Social developer RockYou has settled with the Federal Trade Commission over charges it failed to protect user privacy.
According to the FTC, although RockYou touted the strength of its site’s security, security flaws allowed hackers access the personal information of 32 million users. The FTC also brought charges against RockYou for violating the Children’s Online Privacy Protection Act Rule (COPPA Rule) by collecting personal information from roughly 179,000 children — many of whom were younger than 13-years-old — without their parents’ consent.
The settlement bars RockYou from violating the COPPA Rule in the future, requires the company to create and maintain a data security program and pay a $250,000 civil penalty. Additionally, RockYou will delete all information previously collected from users younger than 13-years-old and submit to security audits by independent auditors every other year for 20 years.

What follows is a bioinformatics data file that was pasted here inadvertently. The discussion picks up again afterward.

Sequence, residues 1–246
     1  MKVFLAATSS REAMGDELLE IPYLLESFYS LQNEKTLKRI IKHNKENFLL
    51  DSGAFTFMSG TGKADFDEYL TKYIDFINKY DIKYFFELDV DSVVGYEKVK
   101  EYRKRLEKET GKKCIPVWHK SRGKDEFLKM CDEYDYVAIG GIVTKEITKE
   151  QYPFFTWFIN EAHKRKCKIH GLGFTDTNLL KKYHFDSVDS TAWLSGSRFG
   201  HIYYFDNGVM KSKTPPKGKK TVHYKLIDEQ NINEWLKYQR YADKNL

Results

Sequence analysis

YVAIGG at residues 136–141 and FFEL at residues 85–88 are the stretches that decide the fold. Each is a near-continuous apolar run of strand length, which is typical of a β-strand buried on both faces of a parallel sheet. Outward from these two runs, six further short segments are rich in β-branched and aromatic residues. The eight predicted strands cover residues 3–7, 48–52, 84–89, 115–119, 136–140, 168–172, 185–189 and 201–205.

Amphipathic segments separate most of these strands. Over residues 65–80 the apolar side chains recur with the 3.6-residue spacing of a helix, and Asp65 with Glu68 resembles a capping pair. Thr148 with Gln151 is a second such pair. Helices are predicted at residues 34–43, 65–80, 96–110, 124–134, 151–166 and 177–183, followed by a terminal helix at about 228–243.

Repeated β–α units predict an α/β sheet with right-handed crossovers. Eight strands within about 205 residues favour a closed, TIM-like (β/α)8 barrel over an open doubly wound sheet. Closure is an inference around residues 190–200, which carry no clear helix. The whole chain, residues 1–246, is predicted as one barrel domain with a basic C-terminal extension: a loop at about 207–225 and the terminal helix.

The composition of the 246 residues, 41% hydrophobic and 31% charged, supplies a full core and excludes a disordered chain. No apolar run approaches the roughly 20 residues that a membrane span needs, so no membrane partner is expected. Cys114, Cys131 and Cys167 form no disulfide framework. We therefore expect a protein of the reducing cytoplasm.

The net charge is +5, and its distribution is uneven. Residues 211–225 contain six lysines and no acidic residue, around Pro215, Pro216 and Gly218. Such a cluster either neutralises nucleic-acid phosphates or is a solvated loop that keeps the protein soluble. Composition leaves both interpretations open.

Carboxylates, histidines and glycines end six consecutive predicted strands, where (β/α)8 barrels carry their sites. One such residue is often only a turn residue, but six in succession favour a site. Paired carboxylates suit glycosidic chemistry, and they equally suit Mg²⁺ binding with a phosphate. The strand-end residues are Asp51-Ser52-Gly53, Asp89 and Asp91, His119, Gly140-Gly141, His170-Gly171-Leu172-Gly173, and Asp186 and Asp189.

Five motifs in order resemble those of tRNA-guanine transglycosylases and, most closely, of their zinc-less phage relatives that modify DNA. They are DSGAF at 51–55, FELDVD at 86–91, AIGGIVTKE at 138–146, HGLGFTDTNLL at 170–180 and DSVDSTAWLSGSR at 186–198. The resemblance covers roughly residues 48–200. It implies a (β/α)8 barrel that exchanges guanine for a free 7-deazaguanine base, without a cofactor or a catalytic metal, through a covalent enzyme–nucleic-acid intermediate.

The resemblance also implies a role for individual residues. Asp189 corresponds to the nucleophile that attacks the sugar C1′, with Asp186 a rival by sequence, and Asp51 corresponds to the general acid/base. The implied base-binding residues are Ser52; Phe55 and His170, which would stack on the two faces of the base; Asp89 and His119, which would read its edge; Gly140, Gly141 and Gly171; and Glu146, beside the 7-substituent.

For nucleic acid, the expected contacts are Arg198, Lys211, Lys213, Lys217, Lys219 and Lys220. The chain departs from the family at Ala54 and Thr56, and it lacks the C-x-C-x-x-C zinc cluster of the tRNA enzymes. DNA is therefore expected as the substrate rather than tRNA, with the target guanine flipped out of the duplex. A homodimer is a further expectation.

When we contacted RockYou about the settlement, CEO Lisa Marino responded with the following statement:
RockYou is pleased to reach a settlement and gratified to put this matter behind us. We appreciate the work the FTC has done in this process as they have been fair, reasonable and timely throughout. The events that led to this complaint occurred over two years ago and we have long since removed the features that led to this investigation. The focus of our business has evolved – we no longer operate applications such as those included in the complaint, and we are in full compliance with Facebook’s policies.
The settlement continues RockYou’s efforts to turn itself around after a troubled year and a half. The developer laid off over half of its workforce in November 2011. At the time Marino told Inside Social Games, “we made a lot of mistakes in the last 12 months,” but also stated the company was expecting to be profitable for the first time this year.